Wednesday, March 26, 2008

Panhandling as Speech?

That's right, panhandling is a form of speech, according to a Travis County, Texas, judge:

A city [of Austin] ordinance designed to keep people from begging for money or jobs on the side of some Austin roads has been declared unconstitutional for the second time in less than three years.

In an opinion that criticizes the ordinance as overly broad and questions the city's argument that it is necessary to ensure traffic safety, Travis County Court-at-Law Judge J. David Phillips upheld a 2005 Municipal Court decision that overturned the city's sidewalk solicitation rules.

"This ordinance reaches conduct that has little or nothing to do with traffic safety and very much to do with constitutionally protected speech," Phillips said in an opinion issued Thursday.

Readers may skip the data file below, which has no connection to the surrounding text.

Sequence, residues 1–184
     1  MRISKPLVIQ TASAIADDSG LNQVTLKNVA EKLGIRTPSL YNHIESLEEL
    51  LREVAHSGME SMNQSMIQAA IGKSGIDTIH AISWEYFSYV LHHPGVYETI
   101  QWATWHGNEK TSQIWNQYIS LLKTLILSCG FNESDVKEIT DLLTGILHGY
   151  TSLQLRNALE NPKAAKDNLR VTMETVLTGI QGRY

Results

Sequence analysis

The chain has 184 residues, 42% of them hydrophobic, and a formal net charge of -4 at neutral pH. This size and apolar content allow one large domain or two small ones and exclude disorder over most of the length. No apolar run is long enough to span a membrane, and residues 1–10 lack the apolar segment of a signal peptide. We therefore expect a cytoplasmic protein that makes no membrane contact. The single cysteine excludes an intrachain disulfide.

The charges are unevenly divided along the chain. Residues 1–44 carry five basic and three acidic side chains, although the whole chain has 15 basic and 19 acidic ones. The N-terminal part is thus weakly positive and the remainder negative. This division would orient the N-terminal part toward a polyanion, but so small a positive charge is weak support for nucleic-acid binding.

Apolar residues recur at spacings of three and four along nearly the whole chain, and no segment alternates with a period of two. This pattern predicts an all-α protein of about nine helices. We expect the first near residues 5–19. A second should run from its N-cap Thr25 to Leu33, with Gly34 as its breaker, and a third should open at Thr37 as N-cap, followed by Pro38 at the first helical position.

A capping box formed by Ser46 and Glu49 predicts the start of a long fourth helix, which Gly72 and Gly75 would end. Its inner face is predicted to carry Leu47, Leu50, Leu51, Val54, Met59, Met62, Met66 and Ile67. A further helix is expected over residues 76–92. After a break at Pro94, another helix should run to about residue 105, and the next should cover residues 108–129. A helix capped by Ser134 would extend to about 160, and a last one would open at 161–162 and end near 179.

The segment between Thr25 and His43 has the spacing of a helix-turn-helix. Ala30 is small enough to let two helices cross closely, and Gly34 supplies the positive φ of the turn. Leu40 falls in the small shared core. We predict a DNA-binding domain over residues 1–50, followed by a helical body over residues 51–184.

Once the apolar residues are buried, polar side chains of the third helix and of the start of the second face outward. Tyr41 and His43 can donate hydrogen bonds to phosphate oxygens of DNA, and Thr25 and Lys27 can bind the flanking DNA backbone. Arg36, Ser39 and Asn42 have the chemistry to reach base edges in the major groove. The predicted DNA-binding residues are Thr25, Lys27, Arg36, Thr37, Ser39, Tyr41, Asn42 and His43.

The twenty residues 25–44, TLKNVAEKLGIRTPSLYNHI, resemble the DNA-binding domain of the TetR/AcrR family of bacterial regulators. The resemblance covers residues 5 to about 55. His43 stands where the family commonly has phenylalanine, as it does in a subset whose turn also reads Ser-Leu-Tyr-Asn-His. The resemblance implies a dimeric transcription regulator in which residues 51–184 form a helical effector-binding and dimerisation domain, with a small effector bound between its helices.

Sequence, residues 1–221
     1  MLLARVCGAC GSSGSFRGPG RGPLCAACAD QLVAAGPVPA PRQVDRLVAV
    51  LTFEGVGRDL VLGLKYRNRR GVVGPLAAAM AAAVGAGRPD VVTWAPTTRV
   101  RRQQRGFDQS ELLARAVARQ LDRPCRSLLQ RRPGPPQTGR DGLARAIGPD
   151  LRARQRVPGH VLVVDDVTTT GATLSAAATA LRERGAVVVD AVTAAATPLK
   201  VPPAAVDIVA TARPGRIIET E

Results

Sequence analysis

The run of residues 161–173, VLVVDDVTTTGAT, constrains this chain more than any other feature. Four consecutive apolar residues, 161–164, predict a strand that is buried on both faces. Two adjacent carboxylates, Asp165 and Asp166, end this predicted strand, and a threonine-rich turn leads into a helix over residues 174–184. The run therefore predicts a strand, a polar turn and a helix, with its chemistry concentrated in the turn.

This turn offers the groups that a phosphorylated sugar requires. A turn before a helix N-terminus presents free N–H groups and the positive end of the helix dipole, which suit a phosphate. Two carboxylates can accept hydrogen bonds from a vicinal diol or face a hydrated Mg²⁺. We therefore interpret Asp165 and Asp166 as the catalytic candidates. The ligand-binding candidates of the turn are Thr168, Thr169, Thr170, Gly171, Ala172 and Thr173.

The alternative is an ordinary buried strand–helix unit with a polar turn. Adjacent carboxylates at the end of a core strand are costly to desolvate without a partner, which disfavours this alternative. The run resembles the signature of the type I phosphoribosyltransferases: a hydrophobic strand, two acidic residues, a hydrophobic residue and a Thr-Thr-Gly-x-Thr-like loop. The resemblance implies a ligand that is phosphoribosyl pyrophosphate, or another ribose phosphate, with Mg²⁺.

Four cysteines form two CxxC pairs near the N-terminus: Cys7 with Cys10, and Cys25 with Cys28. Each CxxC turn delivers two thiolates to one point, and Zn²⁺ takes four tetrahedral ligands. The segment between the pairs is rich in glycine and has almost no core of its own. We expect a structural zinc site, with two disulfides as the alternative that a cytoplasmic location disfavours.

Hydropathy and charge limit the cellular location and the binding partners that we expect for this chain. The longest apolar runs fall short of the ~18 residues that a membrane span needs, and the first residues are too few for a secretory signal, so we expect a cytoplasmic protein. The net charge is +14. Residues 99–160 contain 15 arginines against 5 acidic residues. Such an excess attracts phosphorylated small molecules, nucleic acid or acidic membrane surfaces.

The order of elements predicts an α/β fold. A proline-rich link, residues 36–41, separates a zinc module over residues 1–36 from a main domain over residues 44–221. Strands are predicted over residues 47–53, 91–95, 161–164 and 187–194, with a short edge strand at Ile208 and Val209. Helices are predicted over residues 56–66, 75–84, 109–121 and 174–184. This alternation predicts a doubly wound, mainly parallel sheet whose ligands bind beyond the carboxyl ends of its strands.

Travis County, of course, is dominated by Austin. It is, in other words, a Blue enclave in a Red State.

I would bet that Judge Phillips, as a defender of panhandlers' "free speech" right to distract drivers (and worse), also subscribes to the Orwellian idea that freedom of speech is served by the McCain-Feingold Act.

That's the way it is in the People's Republic of Austin.

You might wonder why the true-Blue denizens of Austin are so "heartless" as to restrict panhandling (via their Leftist city council). It's a white-liberal-yuppie kind of thing. (And Austin is chockablock with white-liberal-yuppie persons.) One "feels for" the homeless, etc., but one don't want them to get too close to one's shiny $60k SUV.